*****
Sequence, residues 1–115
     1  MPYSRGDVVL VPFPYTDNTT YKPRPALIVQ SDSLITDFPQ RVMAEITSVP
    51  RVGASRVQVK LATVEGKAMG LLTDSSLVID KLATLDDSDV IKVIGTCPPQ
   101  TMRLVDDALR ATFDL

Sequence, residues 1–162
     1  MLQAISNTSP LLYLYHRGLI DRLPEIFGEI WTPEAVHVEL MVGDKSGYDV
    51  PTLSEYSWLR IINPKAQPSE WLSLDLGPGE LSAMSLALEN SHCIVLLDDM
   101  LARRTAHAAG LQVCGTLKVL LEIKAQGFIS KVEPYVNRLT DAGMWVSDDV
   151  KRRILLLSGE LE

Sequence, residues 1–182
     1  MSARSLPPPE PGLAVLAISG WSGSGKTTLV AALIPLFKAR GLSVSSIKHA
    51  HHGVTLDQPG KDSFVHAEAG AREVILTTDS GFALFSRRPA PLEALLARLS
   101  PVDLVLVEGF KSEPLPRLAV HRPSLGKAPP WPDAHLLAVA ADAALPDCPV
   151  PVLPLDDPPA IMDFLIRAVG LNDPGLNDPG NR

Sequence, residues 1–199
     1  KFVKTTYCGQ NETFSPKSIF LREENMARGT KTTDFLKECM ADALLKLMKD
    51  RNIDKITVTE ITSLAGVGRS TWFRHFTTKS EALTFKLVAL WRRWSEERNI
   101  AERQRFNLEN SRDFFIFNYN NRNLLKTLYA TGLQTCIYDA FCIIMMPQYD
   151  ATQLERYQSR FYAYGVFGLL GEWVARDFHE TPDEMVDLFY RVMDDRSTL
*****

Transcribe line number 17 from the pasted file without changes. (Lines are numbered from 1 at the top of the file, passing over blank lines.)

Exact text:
    51  RNIDKITVTE ITSLAGVGRS TWFRHFTTKS EALTFKLVAL WRRWSEERNI